Coping with the Challenges, Family Life

Guard My Mouth

Since he was a toddler, Gabriel’s world consisted of a great deal of repetition. When he was diagnosed at 3 years old with a speech and language disorder, one of the most common manifestations was what professionals called echolalia. If you greeted him with “Hi, Gabriel, how are you today?”, my little parrot would reply, “Hi, Gabriel, how are you today?” Many children engage in this sort of behavior, but they soon grow out of it once they are able to get a handle on communicating more independently. Advised by the speech therapist not to discourage the echolalia, we allowed the repeating to help Gabriel process information before he was ready to respond appropriately.

Though there were still significant delays in his development, he progressed. As predicted, he gained some proficiency in everyday conversation, and the echolalia began to disappear. Well, not completely.

Today he will still repeat, but not during conversations. He is selective and will focus on a certain sound or phrase he hears and repeat it, almost without thinking. His choice, however, seems to almost always be his sister. Is this intentional? I don’t know. But, imagine the child who plays that cruel game of repeating-everything-she-says. “Stop copying me.” “Stop copying me.” “I’m going to tell Mommy.” “I’m going to tell Mommy.” But in this case, Gabriel is not trying to play a game.

silenceAs you can imagine, homeschool has been quite challenging for both of them because he is mimicking every word and sound his sister makes. But I could tell this is just as frustrating for him. One day, he came up to me and said, “Mommy, could you just put tape on my mouth and I will stop copying my sister?”

How many times have I approached God the Father with a similar request? “God, please put a guard over my mouth. Let my words be a blessing, not a curse, to others.” We have been warned that the tongue is more difficult to tame than the fiercest animal. Oh, how true that is!

There have been so many careless words that have spewed from my mouth, mostly directed towards those dearest to me … my husband and children. No amount of remorse can give me back that time and allow me to take back those hurtful words. And many of us know how much deeper the cuts of unkind words are because we have both inflicted and received them.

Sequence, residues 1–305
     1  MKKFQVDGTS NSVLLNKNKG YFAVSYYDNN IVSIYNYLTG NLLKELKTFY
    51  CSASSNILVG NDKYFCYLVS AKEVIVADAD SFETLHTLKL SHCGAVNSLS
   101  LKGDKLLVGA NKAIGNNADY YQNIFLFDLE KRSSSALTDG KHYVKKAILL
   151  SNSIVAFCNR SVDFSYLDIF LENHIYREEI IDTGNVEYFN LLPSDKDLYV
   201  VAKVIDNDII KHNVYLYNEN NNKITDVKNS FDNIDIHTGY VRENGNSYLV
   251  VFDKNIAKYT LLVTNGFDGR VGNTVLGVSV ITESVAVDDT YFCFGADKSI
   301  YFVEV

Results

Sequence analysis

“When words are many, transgression is not lacking, but whoever restrains his lips is prudent.” (Proverbs 10:19)

“Could you just put tape on my mouth?” Oh, I wish it was that easy both for me and my son. With our mouths, God has given us an amazing privilege of blessing, encouraging, and edifying others. Tight lips would forfeit that privilege. So, our wise Father gives us some very practical instruction concerning godly speech. Less is more. With fewer words, we can be more intentional with them … only speaking when there is real purpose and only saying what is truly needed.

Let us exercise great care in choosing our words. May our words leave behind, not an intolerable stench, but a lasting, fragrant aroma of blessing.


(Photo credit: RebeccaBarray)

24 thoughts on “Guard My Mouth”

  1. THANK YOU so much for sharing this!!! God is so good to have allowed us to cross paths … He always blesses me with your posts and your transparency! Sending you much love!

      1. God puts you on my heart much these days. We are in the middle of an adoption process of special needs kids through the foster care system … Your posts inspire me and encourage my heart to keep going! God is using you!

  2. Oh my, such a timely reminder! If I only had to think as carefully about my words as my precious Noah does, I (and those around me) would be so much better off!


      1. Me, too. One of the verses I use to pray is Psalm 141:3, “Set a guard, O LORD, over my mouth; Keep watch over the door of my lips.”

        I love your heart, too. ((hugs))

  3. Very well written post full of practical insight! I often hear the phrase “less is more” used but not in terms of our word usage. As a Counselor, I am aware of the importance of listening well to what is said and do try to keep my input to a minimum. To apply the concept of “less is more” in those situations, encourages me to rely on the Holy Spirit to help me craft the words I use to bless according to the need. Indeed . . . “less IS more!” Many thanks!

    1. Thank you so much for your encouraging words! You make a good point about being a good listener … it’s not always easy. I know, for me, the temptation is to formulate my answers before the other person has finished speaking. Using fewer words goes right along with being slow to speak.

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